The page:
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How Much Does Body Weight Affect Your Cycling Speed?

By Abby Roberts ; Updated July 18, 2017

Every time cyclists excel on their bikes or try to bring their bikes up to speed to stay with a group, their weight comes into play. Since heavier riders have to work harder than their thinner counterparts to maintain the same speed, it's no wonder that the world's fastest cyclists are thin and have a very low body fat percentage. Every additional pound literally takes seconds off the time it takes to ascend a steep climb.

The Effects of Weight

The heavier a rider is, the greater his energy requirements will be. This translates into putting in extra effort, especially during a climb. Equipment also comes into play and adds weight to the total amount, which is why you'll often see professional cyclists throwing water bottles off of their bikes before the end of a race. On rolling terrain and steep climbs, a lighter rider will come out ahead. The heavier rider will have less of an advantage because he will also have to overcome more gravitational forces.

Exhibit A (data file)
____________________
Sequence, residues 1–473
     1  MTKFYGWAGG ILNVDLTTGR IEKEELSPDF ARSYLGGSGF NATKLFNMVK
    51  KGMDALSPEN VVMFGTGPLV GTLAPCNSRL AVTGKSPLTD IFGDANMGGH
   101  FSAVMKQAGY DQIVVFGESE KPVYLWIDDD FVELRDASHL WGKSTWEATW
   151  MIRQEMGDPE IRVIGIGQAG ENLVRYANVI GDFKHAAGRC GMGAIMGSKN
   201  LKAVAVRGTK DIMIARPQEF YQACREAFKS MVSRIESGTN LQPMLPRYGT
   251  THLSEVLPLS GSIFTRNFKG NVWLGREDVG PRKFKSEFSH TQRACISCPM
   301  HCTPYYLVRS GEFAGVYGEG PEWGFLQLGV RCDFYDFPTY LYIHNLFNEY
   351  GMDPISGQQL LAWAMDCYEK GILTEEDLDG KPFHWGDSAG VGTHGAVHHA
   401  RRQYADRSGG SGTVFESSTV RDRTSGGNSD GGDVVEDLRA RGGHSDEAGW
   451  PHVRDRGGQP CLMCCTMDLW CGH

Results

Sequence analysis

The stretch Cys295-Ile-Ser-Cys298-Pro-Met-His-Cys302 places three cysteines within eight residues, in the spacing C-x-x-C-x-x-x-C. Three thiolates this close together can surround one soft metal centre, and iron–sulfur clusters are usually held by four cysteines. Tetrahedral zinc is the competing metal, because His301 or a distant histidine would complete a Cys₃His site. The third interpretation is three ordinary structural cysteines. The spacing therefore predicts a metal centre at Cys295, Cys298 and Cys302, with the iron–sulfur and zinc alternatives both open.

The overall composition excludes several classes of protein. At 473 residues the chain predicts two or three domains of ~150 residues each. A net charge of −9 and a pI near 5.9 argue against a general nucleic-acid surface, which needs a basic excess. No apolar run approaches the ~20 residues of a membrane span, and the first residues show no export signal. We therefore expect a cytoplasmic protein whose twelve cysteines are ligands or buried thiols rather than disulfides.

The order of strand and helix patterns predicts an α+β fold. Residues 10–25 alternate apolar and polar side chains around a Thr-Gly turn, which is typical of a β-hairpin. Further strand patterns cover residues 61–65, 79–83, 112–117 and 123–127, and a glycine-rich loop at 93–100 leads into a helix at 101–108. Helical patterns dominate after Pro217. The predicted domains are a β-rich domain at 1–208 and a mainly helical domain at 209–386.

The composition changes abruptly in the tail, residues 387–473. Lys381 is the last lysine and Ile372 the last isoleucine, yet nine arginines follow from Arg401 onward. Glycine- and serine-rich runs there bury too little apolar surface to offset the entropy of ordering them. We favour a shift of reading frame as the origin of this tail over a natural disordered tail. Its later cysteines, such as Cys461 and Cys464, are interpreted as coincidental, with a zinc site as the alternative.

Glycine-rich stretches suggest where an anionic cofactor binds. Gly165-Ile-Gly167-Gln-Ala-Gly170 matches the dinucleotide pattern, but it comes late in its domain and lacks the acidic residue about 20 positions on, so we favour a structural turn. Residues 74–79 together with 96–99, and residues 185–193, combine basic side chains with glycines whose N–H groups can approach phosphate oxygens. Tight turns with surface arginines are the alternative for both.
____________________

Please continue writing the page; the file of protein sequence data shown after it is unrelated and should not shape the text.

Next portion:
The Cost of Extra Weight

Numerous studies have been performed to show just how much weight effects a cyclist. Bicycling Magazine published the results of a study from James C. Martin, Ph.D., assistant professor in the department of exercise and sport science at the University of Utah. Using the calculations from a 160-lb. rider on a 5 kilometer, 7 percent grade, he concluded that for every 5 lbs. added to a rider, it would take him an additional 30 seconds to ascend a steep climb.

Power to Weight Ratio

The power to weight ratio measures how much power, in watts, a cyclist can produce at a certain weight, which is measured in kilograms. Athletes have access to these power numbers by using a power meter, which is mounted on the bike and transmits power numbers to a cyclist's handlebar-mounted computer. A heavier rider will have to produce more watts than a lighter rider to ascend the same climb.

Managing Weight

If your aim is to become a faster rider, there are several ways to reach this goal. The most obvious is to lose weight. But many coaches prefer to work on an athlete's power numbers through increased interval sessions and off-season gym work, as opposed to strictly limiting calories. When athletes lose weight, they must aim to lose fat, instead of muscle. If you are dieting to lose weight, be sure you are consuming enough calories and carbohydrates to provide your body with the proper fuel for training.

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